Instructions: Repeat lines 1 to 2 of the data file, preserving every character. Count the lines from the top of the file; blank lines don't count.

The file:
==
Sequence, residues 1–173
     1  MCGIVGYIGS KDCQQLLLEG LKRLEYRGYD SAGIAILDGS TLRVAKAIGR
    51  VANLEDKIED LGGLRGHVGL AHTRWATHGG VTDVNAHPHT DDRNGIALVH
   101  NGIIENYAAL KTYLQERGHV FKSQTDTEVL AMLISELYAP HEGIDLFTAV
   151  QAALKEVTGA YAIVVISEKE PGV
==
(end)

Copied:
Sequence, residues 1–173
     1  MCGIVGYIGS KDCQQLLLEG LKRLEYRGYD SAGIAILDGS TLRVAKAIGR